Tales of drug-dealing, jail time and growing up in the ghetto are too common to be considered original elements of a copyrighted work.

The United States District Court for the District of New Jersey recently granted hip-hop artist 50 Cent’s motion to dismiss a suit brought by a plaintiff who sued the rapper for copyright infringement. Winstead v. Jackson, 2011 U.S. Dist. LEXIS 107560 (D.N.J. 2011).

The plaintiff, Shadrach Winstead (“Winstead”), claimed that 50 Cent (also known as Curtis Jackson) (“Jackson”) used words and plot themes from Winstead’s copyrighted autobiography “Preacher’s Son – But the Streets Turned Me Into a Gangster” (the “book”) in a CD/DVD set produced by Jackson in 2009. Winstead asserted that several elements from the autobiography – including jail time for the main characters, committing crimes for money, and the death of a parent – were also present in Jackson’s production “Before I Self-Destruct” (the “film”). Winstead also claimed that portions of dialogue were taken from his book and used in the script of the film.

Jackson filed a motion to dismiss the suit, arguing that Winstead failed to state a claim upon which relief can be granted. The Court granted Jackson’s motion, determining that the elements that Winstead argued he had copyright protection over were so common that they could not be considered copyrighted material. The decision relied on a copyright law doctrine known as “scenes a faire” which essentially means that there are certain elements to a work that are not protected by copyright since they are essential to express the character of the work itself.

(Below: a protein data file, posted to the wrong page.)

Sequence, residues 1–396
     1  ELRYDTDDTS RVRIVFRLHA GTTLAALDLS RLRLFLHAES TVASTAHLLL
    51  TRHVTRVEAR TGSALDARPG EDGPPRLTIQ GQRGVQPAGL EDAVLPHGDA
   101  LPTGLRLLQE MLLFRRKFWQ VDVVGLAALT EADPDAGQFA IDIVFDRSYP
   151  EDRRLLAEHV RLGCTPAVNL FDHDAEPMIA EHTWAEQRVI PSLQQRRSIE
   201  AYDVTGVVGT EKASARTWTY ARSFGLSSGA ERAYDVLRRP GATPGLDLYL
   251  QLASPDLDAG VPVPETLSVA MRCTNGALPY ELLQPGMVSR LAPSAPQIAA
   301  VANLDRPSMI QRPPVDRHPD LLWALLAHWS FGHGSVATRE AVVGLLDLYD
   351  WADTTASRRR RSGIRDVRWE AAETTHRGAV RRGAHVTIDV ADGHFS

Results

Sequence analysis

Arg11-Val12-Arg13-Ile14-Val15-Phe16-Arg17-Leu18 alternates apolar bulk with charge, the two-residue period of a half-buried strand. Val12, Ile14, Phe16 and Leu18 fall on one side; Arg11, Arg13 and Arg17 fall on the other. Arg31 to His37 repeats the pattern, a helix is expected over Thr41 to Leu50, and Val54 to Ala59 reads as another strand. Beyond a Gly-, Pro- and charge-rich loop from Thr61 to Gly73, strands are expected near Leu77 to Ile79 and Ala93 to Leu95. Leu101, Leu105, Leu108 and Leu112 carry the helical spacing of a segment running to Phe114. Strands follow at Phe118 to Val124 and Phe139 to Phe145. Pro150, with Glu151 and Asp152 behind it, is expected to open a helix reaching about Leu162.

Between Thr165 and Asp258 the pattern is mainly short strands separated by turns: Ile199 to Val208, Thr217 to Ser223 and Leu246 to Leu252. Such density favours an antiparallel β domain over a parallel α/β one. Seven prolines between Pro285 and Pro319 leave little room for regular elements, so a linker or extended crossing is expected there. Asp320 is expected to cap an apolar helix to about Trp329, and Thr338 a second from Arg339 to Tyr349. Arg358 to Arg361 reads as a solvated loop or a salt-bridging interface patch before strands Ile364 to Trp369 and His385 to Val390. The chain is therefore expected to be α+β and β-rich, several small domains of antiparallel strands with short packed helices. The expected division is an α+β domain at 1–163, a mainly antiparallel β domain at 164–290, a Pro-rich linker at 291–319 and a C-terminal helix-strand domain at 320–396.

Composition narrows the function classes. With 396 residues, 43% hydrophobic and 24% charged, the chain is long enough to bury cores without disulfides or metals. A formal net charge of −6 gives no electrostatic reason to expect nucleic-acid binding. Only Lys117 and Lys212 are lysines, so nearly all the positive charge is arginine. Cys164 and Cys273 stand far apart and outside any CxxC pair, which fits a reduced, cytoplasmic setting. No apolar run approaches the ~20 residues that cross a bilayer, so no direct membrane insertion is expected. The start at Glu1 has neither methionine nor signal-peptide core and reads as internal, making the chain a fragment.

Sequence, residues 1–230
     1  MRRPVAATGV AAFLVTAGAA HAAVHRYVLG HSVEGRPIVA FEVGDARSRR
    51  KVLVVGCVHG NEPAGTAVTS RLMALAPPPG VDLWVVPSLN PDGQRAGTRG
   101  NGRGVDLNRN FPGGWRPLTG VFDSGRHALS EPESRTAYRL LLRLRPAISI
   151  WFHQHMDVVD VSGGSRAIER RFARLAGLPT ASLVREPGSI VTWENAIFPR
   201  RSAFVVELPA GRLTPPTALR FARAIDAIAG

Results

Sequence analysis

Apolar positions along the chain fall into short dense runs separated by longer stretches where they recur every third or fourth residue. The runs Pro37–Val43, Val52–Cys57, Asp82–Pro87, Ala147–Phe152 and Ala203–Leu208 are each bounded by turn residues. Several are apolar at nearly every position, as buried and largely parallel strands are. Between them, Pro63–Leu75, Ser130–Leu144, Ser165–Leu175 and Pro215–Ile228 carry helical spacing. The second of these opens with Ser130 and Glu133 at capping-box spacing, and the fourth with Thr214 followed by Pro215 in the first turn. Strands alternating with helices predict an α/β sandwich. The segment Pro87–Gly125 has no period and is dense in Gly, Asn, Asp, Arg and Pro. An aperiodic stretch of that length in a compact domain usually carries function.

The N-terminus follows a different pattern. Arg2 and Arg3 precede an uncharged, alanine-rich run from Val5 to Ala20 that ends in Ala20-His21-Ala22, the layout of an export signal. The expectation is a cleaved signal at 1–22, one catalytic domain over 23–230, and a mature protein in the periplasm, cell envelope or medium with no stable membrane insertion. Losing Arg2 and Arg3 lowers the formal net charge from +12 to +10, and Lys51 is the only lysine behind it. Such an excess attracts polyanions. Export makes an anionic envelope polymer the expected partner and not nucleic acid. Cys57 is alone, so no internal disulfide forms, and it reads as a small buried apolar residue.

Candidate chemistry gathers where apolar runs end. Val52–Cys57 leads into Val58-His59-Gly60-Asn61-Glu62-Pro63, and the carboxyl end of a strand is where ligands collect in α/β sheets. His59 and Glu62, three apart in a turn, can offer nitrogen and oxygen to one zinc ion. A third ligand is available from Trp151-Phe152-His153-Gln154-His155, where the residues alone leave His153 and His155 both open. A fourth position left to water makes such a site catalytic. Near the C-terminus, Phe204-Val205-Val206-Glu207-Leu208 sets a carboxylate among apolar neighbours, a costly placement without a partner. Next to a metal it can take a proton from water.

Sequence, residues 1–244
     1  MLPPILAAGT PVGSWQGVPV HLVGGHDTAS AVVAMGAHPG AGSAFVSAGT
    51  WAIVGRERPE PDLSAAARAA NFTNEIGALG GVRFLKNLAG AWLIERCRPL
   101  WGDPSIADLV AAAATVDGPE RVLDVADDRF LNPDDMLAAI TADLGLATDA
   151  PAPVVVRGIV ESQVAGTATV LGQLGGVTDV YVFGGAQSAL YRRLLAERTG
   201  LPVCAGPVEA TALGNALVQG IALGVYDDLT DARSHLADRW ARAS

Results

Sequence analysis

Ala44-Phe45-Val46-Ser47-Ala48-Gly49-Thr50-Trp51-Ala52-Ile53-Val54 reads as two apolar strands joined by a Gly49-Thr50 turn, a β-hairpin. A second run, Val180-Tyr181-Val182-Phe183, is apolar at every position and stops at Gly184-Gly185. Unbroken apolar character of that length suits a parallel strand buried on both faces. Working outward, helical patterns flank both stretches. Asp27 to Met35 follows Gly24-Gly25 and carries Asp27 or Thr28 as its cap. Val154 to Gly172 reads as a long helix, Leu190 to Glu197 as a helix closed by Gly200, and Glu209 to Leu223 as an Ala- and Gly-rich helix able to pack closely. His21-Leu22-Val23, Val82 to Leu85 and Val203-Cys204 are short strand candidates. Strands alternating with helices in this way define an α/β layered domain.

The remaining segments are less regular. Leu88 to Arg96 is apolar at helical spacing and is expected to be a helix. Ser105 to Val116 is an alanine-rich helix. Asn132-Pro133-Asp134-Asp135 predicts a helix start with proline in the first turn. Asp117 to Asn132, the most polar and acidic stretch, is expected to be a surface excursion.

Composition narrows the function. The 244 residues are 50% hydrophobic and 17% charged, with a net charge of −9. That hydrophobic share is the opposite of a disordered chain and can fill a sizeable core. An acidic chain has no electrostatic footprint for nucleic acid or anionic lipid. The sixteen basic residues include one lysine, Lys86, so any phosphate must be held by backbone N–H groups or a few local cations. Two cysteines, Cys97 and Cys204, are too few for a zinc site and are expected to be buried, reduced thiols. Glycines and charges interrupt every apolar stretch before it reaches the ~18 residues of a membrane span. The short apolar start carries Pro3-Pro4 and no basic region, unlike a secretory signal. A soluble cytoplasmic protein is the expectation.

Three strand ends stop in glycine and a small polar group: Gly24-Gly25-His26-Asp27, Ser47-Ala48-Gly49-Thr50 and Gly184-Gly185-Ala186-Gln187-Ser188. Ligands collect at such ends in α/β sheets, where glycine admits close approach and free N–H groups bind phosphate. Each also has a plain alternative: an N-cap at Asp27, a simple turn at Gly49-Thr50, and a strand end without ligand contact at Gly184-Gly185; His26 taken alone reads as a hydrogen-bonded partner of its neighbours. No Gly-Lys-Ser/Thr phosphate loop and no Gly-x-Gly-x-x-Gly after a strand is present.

To establish a claim of copyright infringement, a plaintiff must establish:

  1. ownership of a valid copyright; and
  2. unauthorized copying of original elements of the plaintiff’s work.”

Dun & Bradstreet Software Servs. v. Grace Consulting, Inc., 307 F.3d 197, 206 (3d. Cir. 2002).

Though Winstead was able to prove ownership of a valid copyright in his book, the Court found that he could not prove any copying of original elements from his work. “[G]eneral plot ideas and themes lie in the public domain and are not protected by copyright law,” the Court stated. Id. at 6. “In addition, all situations and incidents which flow naturally from a basic plot premise, known as scenes a faire, are not entitled to copyright protection.” Id.

While the Court acknowledged the similarities between the two works’ characters, themes and settings, it held that these common features have been part of the public domain for some time and have provided the themes for many films and television programs before. “[A]ny common themes of a young male whose tumultuous upbringing leads him to resort to a life of crime and violence in order to gain power and money are scenes a faire.” Id. at 7.

Winstead also argued that Jackson lifted dialogue from his book – including phrases such as “ringing,” “stash,” and “get the dope, cut the dope” – for use in the film. However, the Court also found this language too common to be the protected under Winstead’s copyright. “The average layman, who would be observing these phrases in the context of an overall story or song, would not regard these minute snippets as unique or protectable,” the Court held. Id. at 9.

The Court’s decision is significant because it demonstrates that there are limits to how much copyrighted material is protected. Winstead’s copyright protection over his book did not extend to plot themes and generic language used in it. The Court’s holding gives copyright holders an example of elements in the public domain that are not included within the scope of copyright protection.

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